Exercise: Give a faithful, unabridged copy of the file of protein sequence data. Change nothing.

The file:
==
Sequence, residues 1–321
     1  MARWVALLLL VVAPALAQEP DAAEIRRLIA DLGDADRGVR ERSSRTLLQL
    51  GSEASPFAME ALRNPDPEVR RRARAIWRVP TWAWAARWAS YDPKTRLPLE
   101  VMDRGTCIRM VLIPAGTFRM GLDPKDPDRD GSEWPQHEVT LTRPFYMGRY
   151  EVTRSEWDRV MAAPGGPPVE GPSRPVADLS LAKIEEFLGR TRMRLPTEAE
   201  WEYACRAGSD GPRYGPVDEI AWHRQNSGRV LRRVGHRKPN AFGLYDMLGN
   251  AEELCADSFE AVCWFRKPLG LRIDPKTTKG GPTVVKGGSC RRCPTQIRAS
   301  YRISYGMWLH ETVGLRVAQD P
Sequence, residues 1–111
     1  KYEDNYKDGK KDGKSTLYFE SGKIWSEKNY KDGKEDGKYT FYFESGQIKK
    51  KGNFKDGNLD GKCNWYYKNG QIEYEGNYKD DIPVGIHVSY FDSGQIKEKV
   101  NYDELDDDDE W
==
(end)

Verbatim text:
Sequence, residues 1–321
     1  MARWVALLLL VVAPALAQEP DAAEIRRLIA DLGDADRGVR ERSSRTLLQL
    51  GSEASPFAME ALRNPDPEVR RRARAIWRVP TWAWAARWAS YDPKTRLPLE
   101  VMDRGTCIRM VLIPAGTFRM GLDPKDPDRD GSEWPQHEVT LTRPFYMGRY
   151  EVTRSEWDRV MAAPGGPPVE GPSRPVADLS LAKIEEFLGR TRMRLPTEAE
   201  WEYACRAGSD GPRYGPVDEI AWHRQNSGRV LRRVGHRKPN AFGLYDMLGN
   251  AEELCADSFE AVCWFRKPLG LRIDPKTTKG GPTVVKGGSC RRCPTQIRAS
   301  YRISYGMWLH ETVGLRVAQD P
Sequence, residues 1–111
     1  KYEDNYKDGK KDGKSTLYFE SGKIWSEKNY KDGKEDGKYT FYFESGQIKK
    51  KGNFKDGNLD GKCNWYYKNG QIEYEGNYKD DIPVGIHVSY FDSGQIKEKV
   101  NYDELDDDDE W